Under the safe harbor for routine maintenance, the amounts incurred can be expensed as long as the purpose for incurring the expense is related to an ongoing activity in order to keep the unit of property or building structure or building system at or close to its original or efficient operating condition. The expense cannot improve the unit of property or building structure or system. Keep in mind that part of this requirement is that the wear and tear of the unit of property or building structure or system results from the taxpayer’s using it for its intended purpose. Expenses incurred related to scheduled maintenance shortly after the unit of property or building structure or system is purchased and/or placed into service would thus not qualify.

‘Routine’ aspect of expense

What does it mean for an activity to be “routine” in nature? This can be open to interpretation. Regs. Sec. 1.263(a)- 3(i)(1)(ii) provides an explanation as to what is routine in nature as well as some examples, which are not allinclusive. Routine maintenance may be performed at any time during the class life of the unit of property or building structure or system (discussed below). However, the activities are routine only if, at the time the taxpayer places the unit of property or building structure or system into service, the taxpayer reasonably expects to perform the routine activity more than once during its class life.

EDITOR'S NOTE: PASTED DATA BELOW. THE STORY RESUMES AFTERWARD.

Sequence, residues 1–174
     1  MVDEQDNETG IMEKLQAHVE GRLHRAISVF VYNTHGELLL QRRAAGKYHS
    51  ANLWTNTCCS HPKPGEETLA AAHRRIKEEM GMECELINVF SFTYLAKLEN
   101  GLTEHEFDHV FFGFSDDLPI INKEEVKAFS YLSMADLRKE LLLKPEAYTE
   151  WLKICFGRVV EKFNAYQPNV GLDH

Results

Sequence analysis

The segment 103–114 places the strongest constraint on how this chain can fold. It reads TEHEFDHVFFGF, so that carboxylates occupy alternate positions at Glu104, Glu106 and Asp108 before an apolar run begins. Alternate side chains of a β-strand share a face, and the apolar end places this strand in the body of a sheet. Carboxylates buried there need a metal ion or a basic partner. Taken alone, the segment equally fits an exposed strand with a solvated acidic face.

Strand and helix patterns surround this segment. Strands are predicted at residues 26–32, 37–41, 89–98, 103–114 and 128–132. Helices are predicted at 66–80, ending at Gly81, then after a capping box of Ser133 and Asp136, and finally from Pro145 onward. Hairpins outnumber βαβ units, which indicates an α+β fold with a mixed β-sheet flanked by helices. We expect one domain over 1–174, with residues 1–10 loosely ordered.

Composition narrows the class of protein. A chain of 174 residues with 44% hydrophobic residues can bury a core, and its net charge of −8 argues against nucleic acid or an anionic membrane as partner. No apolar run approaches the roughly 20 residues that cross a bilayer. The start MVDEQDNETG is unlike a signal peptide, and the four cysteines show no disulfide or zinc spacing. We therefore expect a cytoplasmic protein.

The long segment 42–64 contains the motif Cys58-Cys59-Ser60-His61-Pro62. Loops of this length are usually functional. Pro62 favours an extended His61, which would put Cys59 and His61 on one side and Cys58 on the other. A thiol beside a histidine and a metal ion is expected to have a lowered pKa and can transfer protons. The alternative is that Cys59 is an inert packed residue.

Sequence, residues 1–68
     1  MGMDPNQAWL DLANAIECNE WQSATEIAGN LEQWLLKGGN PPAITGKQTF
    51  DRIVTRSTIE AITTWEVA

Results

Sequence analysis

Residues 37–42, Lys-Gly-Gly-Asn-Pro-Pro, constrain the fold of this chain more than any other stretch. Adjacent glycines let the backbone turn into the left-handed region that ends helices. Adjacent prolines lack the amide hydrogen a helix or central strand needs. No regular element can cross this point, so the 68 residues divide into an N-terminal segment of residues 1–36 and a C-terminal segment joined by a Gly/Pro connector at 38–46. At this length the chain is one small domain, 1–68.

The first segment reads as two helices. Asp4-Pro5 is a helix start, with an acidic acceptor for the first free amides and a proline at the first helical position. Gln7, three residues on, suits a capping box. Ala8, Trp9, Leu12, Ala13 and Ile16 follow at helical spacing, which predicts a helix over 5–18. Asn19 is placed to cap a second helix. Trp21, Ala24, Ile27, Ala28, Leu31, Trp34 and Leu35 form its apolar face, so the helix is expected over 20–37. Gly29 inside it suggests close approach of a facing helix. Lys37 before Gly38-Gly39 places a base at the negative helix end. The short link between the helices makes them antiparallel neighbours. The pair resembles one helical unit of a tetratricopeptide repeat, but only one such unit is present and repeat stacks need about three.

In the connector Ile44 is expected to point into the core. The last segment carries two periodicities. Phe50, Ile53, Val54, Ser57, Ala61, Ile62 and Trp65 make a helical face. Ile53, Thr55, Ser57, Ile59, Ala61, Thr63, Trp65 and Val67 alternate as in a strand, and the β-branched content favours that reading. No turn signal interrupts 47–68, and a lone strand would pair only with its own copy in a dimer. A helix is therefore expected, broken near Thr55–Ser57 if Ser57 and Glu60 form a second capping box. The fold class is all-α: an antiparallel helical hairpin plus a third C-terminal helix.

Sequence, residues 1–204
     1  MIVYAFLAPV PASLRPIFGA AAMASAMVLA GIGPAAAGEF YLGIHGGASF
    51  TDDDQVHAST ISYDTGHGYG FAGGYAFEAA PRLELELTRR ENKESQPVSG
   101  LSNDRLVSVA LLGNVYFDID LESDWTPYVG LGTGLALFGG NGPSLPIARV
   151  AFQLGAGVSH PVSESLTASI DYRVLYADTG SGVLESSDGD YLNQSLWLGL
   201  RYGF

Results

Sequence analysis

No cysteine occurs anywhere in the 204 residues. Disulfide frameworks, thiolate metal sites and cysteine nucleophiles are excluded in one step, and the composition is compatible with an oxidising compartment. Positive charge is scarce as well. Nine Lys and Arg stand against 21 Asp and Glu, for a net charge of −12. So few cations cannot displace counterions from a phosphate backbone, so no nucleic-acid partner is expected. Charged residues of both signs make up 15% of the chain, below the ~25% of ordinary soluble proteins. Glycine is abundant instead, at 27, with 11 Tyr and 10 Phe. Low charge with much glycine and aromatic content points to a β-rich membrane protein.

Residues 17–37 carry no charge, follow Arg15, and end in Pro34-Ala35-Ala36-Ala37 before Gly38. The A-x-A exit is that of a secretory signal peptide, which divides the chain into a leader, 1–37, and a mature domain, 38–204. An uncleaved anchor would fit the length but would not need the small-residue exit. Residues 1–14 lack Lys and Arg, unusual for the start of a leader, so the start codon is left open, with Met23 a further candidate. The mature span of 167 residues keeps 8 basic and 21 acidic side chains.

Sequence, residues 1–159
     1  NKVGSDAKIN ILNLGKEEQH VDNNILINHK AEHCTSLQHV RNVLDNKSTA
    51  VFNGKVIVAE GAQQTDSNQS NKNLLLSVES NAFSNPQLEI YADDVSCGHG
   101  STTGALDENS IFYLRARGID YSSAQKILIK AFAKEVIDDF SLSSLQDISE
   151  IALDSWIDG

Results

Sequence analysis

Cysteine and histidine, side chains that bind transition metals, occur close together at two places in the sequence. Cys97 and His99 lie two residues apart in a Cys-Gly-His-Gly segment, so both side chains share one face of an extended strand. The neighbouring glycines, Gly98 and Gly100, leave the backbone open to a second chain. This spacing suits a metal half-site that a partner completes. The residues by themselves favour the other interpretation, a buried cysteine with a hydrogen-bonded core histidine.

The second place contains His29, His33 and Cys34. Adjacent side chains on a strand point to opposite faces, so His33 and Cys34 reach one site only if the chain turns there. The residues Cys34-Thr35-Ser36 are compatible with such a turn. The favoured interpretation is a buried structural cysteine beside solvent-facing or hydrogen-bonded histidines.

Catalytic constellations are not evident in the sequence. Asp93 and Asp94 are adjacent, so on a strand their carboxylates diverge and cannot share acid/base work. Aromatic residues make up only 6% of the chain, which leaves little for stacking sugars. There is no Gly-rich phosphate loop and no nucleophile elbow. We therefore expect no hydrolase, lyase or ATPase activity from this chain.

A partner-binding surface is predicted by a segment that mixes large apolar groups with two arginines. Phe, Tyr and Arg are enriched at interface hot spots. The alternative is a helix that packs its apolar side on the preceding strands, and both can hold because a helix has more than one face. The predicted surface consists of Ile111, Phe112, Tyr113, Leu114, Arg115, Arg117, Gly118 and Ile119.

There is no clear answer as to what a routine expense is, but the regulations provide some examples and explanations regarding the requirement: The inspection, cleaning, or testing of the unit of property or building structure or system and/or the replacement of damaged or worn parts of the unit of property or building structure or system with comparable and commercially available replacement parts are all types of expenses that do not ultimately improve the unit of property or building structure or building system and therefore qualify as routine maintenance eligible to be expensed. Besides the examples provided in the regulations, other costs can be expensed, depending on a client’s specific circumstances.

A taxpayer’s expectation of performing the routine maintenance will not be deemed unreasonable simply because the taxpayer did not perform the maintenance more than once during the class life of the unit of property or building structure or system. The expectation would still be considered reasonable, provided the taxpayer can substantiate that, when the property or building structure or system was placed in service, it was reasonable to expect to perform maintenance more than once during its class life.